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Physical research lab ready by spring
By Endre Bakken, 5 November 2005, 16:46

Rosenborg has decided to use several million norwegian kroners to build a new physical research lab at Lerkendal.


BUILDING AREA: The new lab will be situated in this corner of the stadium.

Photo: Thomas Myren

"It is an increase in the investments, but we believe it is going to pay off", Rune Bratseth tells rbk.no.

AC Milan is the model: MilanLab, the only one of its kind, was founded in 2002 and thus far the project has been very successful. The AC Milan players undergo testing twice a month, and it is not just strength and speed that is measured; even the players psychological and emotional state is determined and archived.

This way the coaches and the management are always going to have up to date,objective data which they will use as a basis for their decisions. One is going to be able to tell what players are in best physical shape when picking the team. One also hopes that the players are going to be able to improve their physical capacity through determined work.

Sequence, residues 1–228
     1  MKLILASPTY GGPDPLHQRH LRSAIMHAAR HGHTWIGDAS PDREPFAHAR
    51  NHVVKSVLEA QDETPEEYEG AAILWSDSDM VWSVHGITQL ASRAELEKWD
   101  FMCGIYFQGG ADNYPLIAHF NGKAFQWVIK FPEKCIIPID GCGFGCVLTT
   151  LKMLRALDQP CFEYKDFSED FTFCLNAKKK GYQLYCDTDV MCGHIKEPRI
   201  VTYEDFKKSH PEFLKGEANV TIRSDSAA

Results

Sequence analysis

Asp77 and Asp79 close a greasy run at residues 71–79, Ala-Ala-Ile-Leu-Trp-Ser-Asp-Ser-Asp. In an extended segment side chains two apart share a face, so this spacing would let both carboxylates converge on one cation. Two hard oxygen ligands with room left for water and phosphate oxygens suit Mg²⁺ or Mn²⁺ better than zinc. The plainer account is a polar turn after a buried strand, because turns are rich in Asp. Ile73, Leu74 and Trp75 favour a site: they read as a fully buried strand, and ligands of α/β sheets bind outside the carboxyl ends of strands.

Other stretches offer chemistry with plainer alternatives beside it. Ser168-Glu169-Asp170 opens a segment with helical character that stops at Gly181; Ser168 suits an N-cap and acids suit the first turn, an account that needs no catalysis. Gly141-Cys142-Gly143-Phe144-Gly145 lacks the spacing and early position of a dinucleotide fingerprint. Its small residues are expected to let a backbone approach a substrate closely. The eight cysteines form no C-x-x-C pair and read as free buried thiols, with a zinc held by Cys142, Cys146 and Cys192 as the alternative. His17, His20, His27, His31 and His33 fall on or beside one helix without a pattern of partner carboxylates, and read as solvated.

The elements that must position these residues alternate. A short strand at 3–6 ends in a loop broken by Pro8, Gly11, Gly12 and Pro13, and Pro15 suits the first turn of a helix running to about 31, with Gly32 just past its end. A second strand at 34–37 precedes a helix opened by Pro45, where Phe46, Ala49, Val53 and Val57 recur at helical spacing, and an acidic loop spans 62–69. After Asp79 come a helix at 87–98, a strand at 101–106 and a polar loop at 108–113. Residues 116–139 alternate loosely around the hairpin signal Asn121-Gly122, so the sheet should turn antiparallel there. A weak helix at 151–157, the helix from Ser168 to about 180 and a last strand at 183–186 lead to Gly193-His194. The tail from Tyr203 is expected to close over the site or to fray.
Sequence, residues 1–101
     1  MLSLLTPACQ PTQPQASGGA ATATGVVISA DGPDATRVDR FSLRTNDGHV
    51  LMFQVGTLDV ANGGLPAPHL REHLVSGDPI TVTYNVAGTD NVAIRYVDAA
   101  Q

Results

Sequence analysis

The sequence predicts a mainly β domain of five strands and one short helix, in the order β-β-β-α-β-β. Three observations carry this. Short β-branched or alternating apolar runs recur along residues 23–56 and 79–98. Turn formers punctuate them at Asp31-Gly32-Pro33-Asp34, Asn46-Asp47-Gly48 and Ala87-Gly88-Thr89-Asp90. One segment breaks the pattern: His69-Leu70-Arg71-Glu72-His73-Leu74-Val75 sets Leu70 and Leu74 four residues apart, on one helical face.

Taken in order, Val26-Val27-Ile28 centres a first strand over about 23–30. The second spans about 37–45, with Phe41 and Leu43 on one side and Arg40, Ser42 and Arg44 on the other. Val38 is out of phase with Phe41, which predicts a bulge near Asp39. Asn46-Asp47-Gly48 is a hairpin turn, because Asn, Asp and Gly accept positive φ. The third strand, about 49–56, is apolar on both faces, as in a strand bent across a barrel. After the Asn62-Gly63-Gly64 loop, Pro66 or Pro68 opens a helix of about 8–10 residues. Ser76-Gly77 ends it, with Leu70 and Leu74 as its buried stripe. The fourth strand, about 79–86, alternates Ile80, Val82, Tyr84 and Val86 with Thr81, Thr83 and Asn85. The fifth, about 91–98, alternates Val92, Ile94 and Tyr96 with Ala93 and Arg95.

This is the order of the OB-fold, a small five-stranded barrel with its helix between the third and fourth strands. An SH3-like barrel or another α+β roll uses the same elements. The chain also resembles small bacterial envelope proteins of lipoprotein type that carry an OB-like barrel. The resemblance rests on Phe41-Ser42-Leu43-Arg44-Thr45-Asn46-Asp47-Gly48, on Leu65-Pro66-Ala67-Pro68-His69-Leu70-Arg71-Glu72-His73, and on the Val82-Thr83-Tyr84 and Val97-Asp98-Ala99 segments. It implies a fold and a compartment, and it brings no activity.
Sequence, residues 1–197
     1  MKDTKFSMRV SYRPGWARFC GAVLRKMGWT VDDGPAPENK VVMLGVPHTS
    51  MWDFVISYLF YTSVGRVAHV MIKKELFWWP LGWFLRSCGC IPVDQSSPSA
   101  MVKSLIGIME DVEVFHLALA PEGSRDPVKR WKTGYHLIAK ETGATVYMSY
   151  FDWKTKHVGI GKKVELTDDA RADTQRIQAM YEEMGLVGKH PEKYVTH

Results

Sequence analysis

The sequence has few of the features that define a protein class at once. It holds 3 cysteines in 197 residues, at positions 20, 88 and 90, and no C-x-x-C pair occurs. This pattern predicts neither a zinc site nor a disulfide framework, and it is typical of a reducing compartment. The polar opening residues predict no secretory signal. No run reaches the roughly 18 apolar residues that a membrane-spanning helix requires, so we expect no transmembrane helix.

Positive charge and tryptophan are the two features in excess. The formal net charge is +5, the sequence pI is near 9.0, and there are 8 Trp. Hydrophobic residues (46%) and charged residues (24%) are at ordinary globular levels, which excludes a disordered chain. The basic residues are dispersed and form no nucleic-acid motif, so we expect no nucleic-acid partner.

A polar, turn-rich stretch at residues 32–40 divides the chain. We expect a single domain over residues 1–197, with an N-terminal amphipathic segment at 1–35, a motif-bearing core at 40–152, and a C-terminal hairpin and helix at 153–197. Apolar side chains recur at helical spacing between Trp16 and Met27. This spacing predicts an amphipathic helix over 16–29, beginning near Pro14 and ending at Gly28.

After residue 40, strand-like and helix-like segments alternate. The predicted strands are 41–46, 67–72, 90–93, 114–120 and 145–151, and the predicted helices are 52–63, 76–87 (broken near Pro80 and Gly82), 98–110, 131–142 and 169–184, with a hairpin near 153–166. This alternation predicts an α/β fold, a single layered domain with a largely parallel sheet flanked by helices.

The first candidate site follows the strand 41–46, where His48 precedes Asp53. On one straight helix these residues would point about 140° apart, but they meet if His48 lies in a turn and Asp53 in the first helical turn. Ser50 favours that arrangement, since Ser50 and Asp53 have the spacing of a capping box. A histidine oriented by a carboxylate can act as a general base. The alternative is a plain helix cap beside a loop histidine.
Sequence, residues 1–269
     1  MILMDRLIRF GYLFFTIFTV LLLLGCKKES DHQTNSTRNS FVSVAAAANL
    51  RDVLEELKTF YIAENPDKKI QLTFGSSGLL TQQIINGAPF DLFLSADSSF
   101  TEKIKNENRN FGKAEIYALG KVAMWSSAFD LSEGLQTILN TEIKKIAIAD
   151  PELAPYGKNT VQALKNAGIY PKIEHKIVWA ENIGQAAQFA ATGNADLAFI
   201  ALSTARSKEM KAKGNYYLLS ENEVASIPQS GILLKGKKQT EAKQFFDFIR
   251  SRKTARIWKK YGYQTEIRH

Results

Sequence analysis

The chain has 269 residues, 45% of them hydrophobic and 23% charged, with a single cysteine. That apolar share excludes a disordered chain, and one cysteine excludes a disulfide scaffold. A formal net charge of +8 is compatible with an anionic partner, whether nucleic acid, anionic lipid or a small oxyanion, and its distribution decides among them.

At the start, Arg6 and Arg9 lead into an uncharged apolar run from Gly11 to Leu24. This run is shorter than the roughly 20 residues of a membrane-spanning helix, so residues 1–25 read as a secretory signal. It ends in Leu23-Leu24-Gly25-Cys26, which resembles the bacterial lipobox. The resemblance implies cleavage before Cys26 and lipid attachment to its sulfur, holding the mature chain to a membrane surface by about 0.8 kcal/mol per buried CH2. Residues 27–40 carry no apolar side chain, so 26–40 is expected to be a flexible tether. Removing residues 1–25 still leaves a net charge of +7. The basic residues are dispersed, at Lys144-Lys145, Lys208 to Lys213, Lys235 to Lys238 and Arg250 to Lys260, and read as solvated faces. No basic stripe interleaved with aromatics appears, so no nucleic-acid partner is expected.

Even though the most important factor might be avoiding injuries. Milan has been able to reduce the amount of muscular injuries by 90% after setting up MilanLab because it enables the doctors to detect danger sings at an early stage, which makes it possible for the coaches to give the players a more suitable exercise program. This must sound very good to the Rosenborg management who has been struggling with up to half of the first squad injured at the same time this year.

"We see the value of investing in facilities to measure and keep track of the stamina, physical strength and other qualities of our players. This will strengthen our purposeful work both in the short and the long run", Bratseth comments.

Rosenborg has already begun building the premises that are going to house the new physical research lab. New business areas will be added to both of the currently empty ends of the Bygger'n stand. The lab, measuring 110 square metres will be located on the second floor of the end bordering to "Brakka", the clubhouse. It will be finished around the first of February and Rosenborg are hoping to have the lab in use by spring.

But the collecting of scientific data has already begun at Lerkendal. The players have begun using pulse clocks during the exercises.

"It is a part of our dedicated work. We want to control the level of intensity in our training, to have the best training cycles possible, both collectively and individually", Per-Mathias Høgmo tells TVTrøndelag.


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